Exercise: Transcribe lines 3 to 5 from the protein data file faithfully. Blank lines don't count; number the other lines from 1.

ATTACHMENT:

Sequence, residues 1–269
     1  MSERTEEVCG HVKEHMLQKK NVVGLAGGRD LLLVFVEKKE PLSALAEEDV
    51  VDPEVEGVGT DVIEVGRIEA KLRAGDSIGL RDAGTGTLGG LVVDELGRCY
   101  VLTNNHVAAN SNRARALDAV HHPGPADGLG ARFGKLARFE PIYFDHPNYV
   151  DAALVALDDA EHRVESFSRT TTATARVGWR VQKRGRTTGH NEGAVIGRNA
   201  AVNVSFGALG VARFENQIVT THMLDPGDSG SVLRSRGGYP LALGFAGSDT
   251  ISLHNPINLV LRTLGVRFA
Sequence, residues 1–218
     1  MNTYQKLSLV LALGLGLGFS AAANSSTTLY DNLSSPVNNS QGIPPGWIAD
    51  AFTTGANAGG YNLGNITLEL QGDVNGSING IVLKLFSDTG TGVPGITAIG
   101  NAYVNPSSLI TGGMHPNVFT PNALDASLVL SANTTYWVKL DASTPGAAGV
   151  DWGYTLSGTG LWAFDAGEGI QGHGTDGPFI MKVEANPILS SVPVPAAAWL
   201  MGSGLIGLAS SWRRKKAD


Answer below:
    51  VDPEVEGVGT DVIEVGRIEA KLRAGDSIGL RDAGTGTLGG LVVDELGRCY
   101  VLTNNHVAAN SNRARALDAV HHPGPADGLG ARFGKLARFE PIYFDHPNYV
   151  DAALVALDDA EHRVESFSRT TTATARVGWR VQKRGRTTGH NEGAVIGRNA